And that’s just it: by all accounts that I’ve come across, Dime was one of the nicest, most fun-loving dudes in the world. Everyone in metal loved him, but even people outside the genre have spoken to his kindness. Take this Rolling Stone Q&A from just a few weeks back, where Foo Fighters frontman Dave Grohl described his experience meeting Dime at Ozzfest:
“We played, and I looked to the side. The guys from Pantera are watching us and singing the lyrics to our songs. Afterwards we made friends…that backstage hospitality we try to have — it all came from Pantera. Dimebag Darrell was the nicest fucking guy in the world. He could walk in and do a shot of Crown Royal with Justin Bieber, with Rick Nielsen, with James Brown — he was everybody’s best friend.”
I won’t try and say anything profound here, because I know if I do, it’ll end up sounding like a giant cliché. All I’ll say is that death sucks. It sucks even more when someone goes before their time. And it sucked even more than that when an all-around good dude like this went before his.
* * *
Thursday, December 9, 2004, was a rainy day in Annapolis, Maryland. I was a high school sophomore, and I remember having stayed late after school that afternoon to get some studying done in the library. My dad arrived to pick me up, and as I was fumbling to get my umbrella open before we walked back to the car, he asked me if I’d heard about “the heavy metal musician that got killed.” This being a time before Twitter, Facebook and other means of being constantly and involuntarily made aware of news happenings — and a day in which I hadn’t had time to browse the Rolling Stone or SPIN websites — I hadn’t.
“I’ve got a print-out of the news story in the car. It was some guy named Darrell Abbott?” My dad was nowhere near hip enough to have used a guy’s stage name.
We got into the car, and I read the story on the drive home. I read about how Damageplan had taken the stage at the Alrosa Villa, only to be charged less than five minutes later by a gunman whose name I won’t distinguish by repeating here. (You’re on the internet; you can look it up if you feel so inclined.) About how that gunman had shot and killed not only Dime, but also a member of the band’s security team, a club employee and an audience member. About how a Columbus police officer had then entered the club through the rear and taken down the gunman, who still had 35 rounds of ammunition left in his gun and could easily have done worse.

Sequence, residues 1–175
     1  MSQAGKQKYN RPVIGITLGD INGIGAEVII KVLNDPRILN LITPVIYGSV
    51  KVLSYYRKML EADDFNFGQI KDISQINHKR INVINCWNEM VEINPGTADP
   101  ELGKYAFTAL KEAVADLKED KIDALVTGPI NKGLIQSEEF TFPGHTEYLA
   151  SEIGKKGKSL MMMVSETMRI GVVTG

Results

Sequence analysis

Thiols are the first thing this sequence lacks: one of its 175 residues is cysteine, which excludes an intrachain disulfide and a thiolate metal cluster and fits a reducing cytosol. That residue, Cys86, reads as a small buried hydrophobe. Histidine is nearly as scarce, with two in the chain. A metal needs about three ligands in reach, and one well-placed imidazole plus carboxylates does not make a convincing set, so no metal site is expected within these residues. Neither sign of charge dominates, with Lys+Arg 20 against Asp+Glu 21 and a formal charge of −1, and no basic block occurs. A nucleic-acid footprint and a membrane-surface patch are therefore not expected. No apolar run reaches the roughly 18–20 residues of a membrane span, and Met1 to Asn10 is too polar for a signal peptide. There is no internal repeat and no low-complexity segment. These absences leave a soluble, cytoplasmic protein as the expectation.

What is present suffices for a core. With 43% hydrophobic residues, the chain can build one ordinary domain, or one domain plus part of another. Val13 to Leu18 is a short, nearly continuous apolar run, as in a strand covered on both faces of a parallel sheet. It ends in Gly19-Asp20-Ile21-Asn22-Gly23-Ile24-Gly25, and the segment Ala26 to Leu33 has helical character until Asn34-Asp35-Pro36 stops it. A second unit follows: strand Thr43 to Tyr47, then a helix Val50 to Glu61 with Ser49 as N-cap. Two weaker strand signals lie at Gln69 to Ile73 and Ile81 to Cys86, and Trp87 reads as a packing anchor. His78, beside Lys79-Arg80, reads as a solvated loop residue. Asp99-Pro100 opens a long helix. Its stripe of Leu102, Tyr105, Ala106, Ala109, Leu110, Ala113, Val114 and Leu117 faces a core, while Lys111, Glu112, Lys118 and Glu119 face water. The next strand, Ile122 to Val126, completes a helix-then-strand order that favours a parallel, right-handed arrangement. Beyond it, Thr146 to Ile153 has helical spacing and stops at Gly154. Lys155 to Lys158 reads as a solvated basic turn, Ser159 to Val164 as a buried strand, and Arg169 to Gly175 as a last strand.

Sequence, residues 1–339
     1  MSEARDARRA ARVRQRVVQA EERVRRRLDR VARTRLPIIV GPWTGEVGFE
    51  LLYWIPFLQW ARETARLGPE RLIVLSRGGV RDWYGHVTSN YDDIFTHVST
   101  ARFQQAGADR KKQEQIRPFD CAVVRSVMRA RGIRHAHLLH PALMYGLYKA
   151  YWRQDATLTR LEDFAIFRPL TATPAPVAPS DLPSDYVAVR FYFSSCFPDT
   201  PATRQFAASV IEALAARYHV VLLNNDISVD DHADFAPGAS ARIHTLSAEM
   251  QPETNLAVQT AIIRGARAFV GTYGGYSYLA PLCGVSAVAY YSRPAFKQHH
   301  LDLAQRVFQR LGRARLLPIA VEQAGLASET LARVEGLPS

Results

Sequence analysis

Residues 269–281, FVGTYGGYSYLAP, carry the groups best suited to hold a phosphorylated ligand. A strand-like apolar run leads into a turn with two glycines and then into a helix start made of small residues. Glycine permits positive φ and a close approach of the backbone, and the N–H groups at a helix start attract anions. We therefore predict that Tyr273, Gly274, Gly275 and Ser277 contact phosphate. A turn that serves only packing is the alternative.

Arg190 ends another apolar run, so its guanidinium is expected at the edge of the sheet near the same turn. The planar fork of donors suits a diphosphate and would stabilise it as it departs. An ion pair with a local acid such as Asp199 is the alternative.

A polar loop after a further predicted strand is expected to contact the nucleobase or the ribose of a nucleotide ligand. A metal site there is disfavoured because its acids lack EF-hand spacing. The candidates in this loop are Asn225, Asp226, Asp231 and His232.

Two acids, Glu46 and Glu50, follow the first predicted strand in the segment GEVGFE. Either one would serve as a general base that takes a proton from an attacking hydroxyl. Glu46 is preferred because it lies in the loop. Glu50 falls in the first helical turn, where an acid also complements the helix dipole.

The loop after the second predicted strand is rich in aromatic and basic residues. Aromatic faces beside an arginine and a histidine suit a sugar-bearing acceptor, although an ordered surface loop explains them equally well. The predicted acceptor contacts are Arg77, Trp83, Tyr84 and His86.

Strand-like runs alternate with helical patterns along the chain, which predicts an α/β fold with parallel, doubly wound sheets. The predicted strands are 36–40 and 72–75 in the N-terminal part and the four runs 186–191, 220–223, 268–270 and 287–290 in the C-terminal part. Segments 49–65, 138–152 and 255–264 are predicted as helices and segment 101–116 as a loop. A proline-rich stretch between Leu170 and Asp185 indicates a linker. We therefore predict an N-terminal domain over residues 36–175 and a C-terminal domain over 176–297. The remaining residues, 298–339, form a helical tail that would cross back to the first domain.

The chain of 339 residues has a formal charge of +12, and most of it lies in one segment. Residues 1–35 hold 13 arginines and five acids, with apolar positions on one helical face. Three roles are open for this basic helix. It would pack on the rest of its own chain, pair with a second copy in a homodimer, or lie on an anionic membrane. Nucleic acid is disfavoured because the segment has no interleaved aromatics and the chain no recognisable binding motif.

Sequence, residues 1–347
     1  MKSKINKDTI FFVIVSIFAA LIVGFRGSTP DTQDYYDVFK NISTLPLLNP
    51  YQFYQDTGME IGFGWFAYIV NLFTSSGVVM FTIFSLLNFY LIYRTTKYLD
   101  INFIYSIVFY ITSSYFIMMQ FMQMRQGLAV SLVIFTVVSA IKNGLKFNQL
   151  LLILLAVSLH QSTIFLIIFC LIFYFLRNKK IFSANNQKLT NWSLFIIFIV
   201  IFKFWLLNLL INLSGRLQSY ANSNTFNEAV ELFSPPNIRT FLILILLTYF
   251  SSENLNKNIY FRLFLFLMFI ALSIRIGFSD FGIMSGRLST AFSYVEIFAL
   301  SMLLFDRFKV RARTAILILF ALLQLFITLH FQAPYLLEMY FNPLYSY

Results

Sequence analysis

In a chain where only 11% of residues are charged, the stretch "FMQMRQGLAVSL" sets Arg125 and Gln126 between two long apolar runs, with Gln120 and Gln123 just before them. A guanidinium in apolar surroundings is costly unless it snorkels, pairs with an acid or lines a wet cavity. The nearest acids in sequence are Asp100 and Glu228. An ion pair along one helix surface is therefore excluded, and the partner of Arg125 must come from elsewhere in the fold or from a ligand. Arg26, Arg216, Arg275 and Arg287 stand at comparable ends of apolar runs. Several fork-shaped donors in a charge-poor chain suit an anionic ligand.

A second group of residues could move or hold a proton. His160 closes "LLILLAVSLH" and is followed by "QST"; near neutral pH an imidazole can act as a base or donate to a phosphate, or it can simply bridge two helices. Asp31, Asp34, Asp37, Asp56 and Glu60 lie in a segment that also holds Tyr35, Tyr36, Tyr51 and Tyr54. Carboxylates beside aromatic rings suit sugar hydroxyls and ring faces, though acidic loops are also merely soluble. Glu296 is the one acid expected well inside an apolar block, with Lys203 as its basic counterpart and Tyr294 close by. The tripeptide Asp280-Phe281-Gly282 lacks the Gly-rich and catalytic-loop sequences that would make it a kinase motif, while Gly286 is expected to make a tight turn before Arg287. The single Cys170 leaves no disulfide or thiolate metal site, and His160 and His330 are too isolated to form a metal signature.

When we got home, I got through dinner without much of a word, then went upstairs, plugged in my guitar and played for a couple of hours. Not Pantera stuff…in fact, I don’t think I did anything other than made-up, improvised stuff on the spot. Heavy stuff, though — distortion cranked to 11, scooped mid-range EQs…getting as down and dirty with my mediocre PRS “student edition” guitar as I possibly could. It felt like the only thing to do at the time.
* * *
I was sort of dreading writing this post, because while I knew a bit about Dime at the time, so much of what I’ve come to appreciate about the guy happened after the fact. Would it really be appropriate for me to weigh in at length? I guess that’s up to you to decide.
All I know is this: I wasn’t around for Hendrix or Lennon, and wasn’t old enough to understand the significance of Freddie Mercury at the time of his passing; Dime’s was the first premature rock star death to really shake me in that moment. Since then, I’ve seen musical tastes come and go, metal tastes broaden, and my own personal dedication to the guitar rise and then fall quite dramatically (hey, it’s hard to set aside a couple of hours a day to practice when you’re 25 and music isn’t your full-time job), yet here I am, ten years later, and this thing still stings.
I think of this terrific (albeit completely fake) piece Vanity Fair did four years ago — catching up with a 70-year-old John Lennon from an alternate universe in which he’d survived his fatal gunshot wounds and carried on living and making music — and wonder what a similar alternate timeline would have been like with Dime. Would the oft-maligned Damageplan have eventually been able to win people over? Would Dime and Vinnie have buried the hatchet with Phil Anselmo and gotten Pantera back together? How would Dime at almost-50 view the metal landscape today?
So, how to wrap up this tribute? For me, the only fitting way is to look back at Dime doing what he loved, and what we loved him for: playing the hell out of his guitar. So here’s a video from 1984 of him doing just that:
Rest in peace, Dime.